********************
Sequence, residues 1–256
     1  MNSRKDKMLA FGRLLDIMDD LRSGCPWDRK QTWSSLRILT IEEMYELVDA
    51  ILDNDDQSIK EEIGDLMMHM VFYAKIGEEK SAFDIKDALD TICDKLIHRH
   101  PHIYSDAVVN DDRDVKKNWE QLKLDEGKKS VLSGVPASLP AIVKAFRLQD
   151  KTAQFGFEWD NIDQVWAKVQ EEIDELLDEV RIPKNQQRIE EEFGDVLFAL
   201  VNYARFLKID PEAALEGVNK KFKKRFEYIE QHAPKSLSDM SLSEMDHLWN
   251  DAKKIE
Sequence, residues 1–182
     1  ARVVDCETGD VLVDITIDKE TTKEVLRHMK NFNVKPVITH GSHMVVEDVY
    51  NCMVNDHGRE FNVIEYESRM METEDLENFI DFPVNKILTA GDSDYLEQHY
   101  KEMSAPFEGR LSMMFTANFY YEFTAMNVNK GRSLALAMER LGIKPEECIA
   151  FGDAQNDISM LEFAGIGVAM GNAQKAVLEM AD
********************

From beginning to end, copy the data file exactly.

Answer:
Sequence, residues 1–256
     1  MNSRKDKMLA FGRLLDIMDD LRSGCPWDRK QTWSSLRILT IEEMYELVDA
    51  ILDNDDQSIK EEIGDLMMHM VFYAKIGEEK SAFDIKDALD TICDKLIHRH
   101  PHIYSDAVVN DDRDVKKNWE QLKLDEGKKS VLSGVPASLP AIVKAFRLQD
   151  KTAQFGFEWD NIDQVWAKVQ EEIDELLDEV RIPKNQQRIE EEFGDVLFAL
   201  VNYARFLKID PEAALEGVNK KFKKRFEYIE QHAPKSLSDM SLSEMDHLWN
   251  DAKKIE
Sequence, residues 1–182
     1  ARVVDCETGD VLVDITIDKE TTKEVLRHMK NFNVKPVITH GSHMVVEDVY
    51  NCMVNDHGRE FNVIEYESRM METEDLENFI DFPVNKILTA GDSDYLEQHY
   101  KEMSAPFEGR LSMMFTANFY YEFTAMNVNK GRSLALAMER LGIKPEECIA
   151  FGDAQNDISM LEFAGIGVAM GNAQKAVLEM AD